Thursday, May 5, 2011

What is Meant by Perfect Contrition

Perfect contrition is contrition based on the motive of love, and imperfect contrition is that which is based on the fear of God.

Perfect contrition is that which flows from the perfect love of God.

Now, our love of God is perfect if we love Him because He is infinitely perfect, infinitely beautiful, and infinitely good (love of benevolence) or because He has shown us His love in such an admirable way (love of gratitude).

Our love of God is imperfect, if we love Him because we expect something from Him.

Accordingly, in imperfect love, we think above all about the favors received, and in perfect love, we think above all of the goodness of the One who bestows these favors. Imperfect love makes us preferably love the favor itself, whereas perfect love makes us love the Author of these favors, and that less for His gifts than for the love and the goodness that these gifts manifest.

From love, contrition flows. As a result, our contrition will be perfect, if we repent of our sins for the sake of the perfect love of God, whether from benevolence or from gratitude.

It will be imperfect, if we repent of our faults owing to the fear of God, whether because sin has made us lose the reward that we have been promised, viz., heaven; or because we have earned the punishment imposed on the sinner, viz., hell or purgatory.

In imperfect contrition, we think particularly about ourselves and about the evils that sin brings to us, according to the light of faith. In perfect contrition, we especially think of God, His greatness, His beauty, His love, and His goodness; we consider sin an offense and that it has been the cause of the many sufferings endured to redeem us. We wish not only our own good, but that of God.

An example will help us grasp it better. When St. Peter had denied our Savior, "he went forth and wept bitterly." Why did he weep? Was it for the shame that he was going to endure in front of the other Apostles?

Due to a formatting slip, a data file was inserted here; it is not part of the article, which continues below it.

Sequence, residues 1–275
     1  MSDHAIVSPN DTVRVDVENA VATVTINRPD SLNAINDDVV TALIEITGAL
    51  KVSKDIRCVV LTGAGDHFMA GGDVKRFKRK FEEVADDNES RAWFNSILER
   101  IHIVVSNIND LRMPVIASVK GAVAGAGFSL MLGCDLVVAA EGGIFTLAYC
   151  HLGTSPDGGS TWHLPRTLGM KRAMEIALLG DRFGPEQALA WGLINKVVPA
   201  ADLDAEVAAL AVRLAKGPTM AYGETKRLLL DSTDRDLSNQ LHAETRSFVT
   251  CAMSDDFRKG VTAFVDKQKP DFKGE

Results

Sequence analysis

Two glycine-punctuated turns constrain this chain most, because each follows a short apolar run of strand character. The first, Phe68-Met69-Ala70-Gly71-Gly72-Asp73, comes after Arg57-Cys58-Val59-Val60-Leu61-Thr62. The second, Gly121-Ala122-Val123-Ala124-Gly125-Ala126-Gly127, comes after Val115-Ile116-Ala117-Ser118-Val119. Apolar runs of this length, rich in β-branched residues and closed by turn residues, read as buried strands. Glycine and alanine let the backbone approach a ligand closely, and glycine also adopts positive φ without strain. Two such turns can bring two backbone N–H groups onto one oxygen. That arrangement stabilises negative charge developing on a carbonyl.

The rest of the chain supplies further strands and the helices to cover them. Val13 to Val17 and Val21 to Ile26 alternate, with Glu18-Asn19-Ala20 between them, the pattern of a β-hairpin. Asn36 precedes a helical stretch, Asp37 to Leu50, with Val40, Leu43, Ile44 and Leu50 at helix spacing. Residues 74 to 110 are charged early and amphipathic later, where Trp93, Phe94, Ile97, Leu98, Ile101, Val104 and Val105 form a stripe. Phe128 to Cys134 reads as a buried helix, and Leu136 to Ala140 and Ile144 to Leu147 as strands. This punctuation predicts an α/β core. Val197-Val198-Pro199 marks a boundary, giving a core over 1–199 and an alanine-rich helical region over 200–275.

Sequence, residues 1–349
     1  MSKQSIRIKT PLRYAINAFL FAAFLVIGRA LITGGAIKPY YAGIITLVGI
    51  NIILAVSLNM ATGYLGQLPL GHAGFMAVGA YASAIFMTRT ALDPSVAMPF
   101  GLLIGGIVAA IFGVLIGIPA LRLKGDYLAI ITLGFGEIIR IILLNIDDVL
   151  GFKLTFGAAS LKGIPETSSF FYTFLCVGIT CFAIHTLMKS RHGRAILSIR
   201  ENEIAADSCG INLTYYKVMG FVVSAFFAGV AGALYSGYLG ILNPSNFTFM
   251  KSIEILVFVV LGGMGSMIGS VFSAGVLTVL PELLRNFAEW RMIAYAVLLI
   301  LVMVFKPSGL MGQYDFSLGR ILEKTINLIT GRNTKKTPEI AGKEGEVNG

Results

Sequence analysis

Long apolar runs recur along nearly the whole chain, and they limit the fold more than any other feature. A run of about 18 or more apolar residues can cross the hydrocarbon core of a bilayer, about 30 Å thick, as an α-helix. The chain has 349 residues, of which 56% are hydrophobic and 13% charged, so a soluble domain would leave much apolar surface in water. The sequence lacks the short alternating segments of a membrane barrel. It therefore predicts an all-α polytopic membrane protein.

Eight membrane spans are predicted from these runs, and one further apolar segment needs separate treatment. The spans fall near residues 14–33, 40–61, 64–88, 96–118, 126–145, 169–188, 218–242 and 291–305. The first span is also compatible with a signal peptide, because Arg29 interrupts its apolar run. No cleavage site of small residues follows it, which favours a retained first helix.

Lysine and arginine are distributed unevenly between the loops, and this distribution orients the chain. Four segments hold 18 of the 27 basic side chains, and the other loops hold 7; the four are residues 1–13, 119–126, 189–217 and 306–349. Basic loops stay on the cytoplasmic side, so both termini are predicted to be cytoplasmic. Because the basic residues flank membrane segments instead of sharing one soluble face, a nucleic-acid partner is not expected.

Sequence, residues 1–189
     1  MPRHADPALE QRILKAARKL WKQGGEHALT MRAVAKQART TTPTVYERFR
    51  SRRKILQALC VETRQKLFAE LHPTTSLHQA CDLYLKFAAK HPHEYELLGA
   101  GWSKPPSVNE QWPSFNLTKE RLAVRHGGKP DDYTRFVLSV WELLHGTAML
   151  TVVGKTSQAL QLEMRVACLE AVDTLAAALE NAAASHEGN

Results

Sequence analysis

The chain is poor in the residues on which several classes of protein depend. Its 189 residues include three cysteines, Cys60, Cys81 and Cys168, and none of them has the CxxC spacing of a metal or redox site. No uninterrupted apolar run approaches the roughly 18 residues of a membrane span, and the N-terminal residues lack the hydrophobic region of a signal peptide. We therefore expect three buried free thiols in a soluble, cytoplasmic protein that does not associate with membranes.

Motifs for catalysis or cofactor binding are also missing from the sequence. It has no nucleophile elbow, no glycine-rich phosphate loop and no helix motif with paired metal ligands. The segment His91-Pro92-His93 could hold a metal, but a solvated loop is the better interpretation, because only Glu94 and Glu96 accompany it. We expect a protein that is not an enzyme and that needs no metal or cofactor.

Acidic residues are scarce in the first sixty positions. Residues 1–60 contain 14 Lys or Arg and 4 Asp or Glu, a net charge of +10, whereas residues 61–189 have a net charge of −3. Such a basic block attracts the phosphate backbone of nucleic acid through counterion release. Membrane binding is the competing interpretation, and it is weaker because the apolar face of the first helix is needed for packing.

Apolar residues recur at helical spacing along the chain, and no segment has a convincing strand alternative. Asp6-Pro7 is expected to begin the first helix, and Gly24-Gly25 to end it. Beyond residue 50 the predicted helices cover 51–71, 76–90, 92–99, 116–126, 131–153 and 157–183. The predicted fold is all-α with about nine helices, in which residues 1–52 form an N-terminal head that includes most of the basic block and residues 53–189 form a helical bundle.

In such a circumstance, it would have been a purely natural pain and without merit. Is it

because his divine Master is perhaps going to strip him of his dignity as an Apostle and Supreme Pastor, or drive him from His kingdom? In this case, the contrition would be good, but imperfect. No indeed! He repents, he weeps because he has offended his beloved Master, so good, so holy, and so worthy of love. He weeps because he has responded to that immense love with base ingratitude, and that is perfect contrition.

Now, don't you, too, dear reader, have the same motive as St. Peter to detest your sins, for the sake of love, for the sake of perfect love, and for the sake of gratitude?

Without any doubt, God's favors are more numerous than the hairs on your head and every one of them should make you repeat the words of St. John: "Let us love God, because He first loved us" (1 John, 4, 19).

And how has He loved you?

"I have loved thee," says God Himself, "with an everlasting love, I have had pity on thee and I have drawn thee to me" (Jer. 31, 3).

"With an everlasting love I have loved thee."

From all eternity, before there was even a trace of you upon the earth, He cast upon you this look of love that penetrates everything. He prepared for you a soul and a body, heaven and earth, with all the tenderness of a mother who prepares to welcome the child who is going to come into the world. It is God Who has given you life and heath; it is He Who gives you the good things of nature every day.